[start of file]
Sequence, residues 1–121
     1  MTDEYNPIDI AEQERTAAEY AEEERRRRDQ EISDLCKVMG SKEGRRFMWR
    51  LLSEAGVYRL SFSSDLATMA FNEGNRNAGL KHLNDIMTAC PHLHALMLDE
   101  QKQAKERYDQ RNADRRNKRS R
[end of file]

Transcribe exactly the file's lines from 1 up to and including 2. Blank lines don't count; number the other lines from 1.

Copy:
Sequence, residues 1–121
     1  MTDEYNPIDI AEQERTAAEY AEEERRRRDQ EISDLCKVMG SKEGRRFMWR